Channelling ‘great-speakers-I-have-seen’, I created short, one-or-two-word slides with lots of pictures. Then I memorised my talk so that I could fix attendees with a beady eye.

It was a real triumph. By the end of my allocated seven minutes, most of those sitting in front of me were looking up and giving me their attention. A couple of the volunteers laughed at some of my jokes, and the sound engineer said in astonished tones as I left the stage “That was really good!”

I presented the talk largely to gain public-speaking experience and made it as humorous and light-hearted as possible. To my surprise , a college student approached me afterwards and said he’d learned a lot from it. “No waffle, just practical advice,” he said.

Having always been a big fan of practical advice, I decided to write some of it up. So watch this space.

In 2005 I had the good luck to be the first to spot a minor error in Scott Meyers’ classic book ‘More Effective C++’.  He keeps meticulous records, so you can see the details here – search for 5/25/05.
This is my greatest claim to C++-Nerd-dom, but if you want more proof, I have actually read all of Alexandrescu’s ‘Modern C++ Design’. Even the bit on Symmetry with the Brute-Force Dispatcher.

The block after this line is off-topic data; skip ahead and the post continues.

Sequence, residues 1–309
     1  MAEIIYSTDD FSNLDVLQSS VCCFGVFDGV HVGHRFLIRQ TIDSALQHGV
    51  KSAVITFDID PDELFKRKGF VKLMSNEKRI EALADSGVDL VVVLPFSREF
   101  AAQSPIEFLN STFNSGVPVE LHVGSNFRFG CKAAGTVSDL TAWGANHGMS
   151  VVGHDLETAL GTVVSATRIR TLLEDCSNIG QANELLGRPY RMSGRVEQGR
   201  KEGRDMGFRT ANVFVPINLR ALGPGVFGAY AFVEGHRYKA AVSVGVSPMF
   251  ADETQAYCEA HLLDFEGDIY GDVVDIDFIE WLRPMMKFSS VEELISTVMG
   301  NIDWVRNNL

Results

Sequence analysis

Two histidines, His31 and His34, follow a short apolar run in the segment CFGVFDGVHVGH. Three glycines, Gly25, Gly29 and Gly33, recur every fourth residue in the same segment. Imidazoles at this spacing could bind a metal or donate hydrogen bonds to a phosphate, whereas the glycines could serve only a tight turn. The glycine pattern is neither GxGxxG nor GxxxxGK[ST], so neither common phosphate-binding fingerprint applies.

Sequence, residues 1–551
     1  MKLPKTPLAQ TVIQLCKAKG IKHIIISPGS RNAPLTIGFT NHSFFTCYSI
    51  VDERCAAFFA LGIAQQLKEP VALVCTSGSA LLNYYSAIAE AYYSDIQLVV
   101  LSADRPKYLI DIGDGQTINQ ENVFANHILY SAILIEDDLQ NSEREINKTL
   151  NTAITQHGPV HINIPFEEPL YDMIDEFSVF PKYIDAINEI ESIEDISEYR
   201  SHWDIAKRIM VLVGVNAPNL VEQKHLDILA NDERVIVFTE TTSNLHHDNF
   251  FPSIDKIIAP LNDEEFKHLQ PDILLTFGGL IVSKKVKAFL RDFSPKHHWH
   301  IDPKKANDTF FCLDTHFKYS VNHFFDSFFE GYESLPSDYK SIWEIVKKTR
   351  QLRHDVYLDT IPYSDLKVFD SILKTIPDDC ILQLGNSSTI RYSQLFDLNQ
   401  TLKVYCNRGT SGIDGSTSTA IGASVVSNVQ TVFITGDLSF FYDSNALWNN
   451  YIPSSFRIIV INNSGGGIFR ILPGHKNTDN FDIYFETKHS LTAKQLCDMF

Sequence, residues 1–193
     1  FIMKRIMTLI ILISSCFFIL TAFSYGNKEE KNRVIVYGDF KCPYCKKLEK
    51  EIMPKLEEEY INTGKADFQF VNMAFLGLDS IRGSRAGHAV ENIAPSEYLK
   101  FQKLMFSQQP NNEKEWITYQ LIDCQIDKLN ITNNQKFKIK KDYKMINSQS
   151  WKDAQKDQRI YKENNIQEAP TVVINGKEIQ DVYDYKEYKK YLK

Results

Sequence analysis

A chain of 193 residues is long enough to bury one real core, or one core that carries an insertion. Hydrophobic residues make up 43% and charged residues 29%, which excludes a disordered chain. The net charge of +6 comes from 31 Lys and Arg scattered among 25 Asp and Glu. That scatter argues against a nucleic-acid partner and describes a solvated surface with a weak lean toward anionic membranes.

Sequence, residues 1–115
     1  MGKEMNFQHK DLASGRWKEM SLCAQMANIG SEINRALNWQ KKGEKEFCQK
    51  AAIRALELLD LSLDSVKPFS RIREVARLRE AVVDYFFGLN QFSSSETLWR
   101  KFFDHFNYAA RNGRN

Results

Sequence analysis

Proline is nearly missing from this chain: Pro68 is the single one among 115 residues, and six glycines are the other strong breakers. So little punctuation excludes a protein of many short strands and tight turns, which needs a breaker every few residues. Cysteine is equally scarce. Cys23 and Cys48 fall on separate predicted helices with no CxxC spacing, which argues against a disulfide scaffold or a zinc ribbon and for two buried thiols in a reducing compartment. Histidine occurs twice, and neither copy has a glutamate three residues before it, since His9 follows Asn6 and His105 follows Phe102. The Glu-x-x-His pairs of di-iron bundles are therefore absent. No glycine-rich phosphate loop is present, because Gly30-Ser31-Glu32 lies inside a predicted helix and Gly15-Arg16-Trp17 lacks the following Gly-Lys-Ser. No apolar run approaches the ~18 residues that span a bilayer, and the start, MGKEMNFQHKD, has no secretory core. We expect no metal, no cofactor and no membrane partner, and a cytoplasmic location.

I had this problem after we lost a domain name for a Joomla! site.

I copied the Joomla! site back onto the server using a new domain name, which allowed us to use the same database. There were two issues:
– I had to change some configuration settings, but Joomla! reported that it couldn’t save configuration.php. I ended up changing it via Filezilla.
– Virtuemart displayed nothing until it was configured to use the new domain name (see this post on that topic.)

Once I had the site running and looking ok I had to update the theme. This was impossible because of the write permissions issue. I couldn’t write to any location on the server via Joomla! I tried everything in this useful post, but no joy.

The website is running on IIS 6.

I found a setting on the hosting site’s control panel called ‘Website Write Permissions’, and ticked it. This fixed the Joomla! write permissions, but what else does it do?

Next step: update to the latest versions of Joomla! and Virtuemart, and urgently review site security.

I want to allow eager readers to sign up on my website to receive emails from me. I have a MailChimp account and my WordPress expert told me it would take five minutes to install a plugin that uses it.

Yeah, right. Not for me! I installed the plugin and supplied my API key and got this message:

“Uh-oh, we were unable to verify your API Key. Please check them and try again!
The server said:Could not connect (ERR 13: Permission denied)”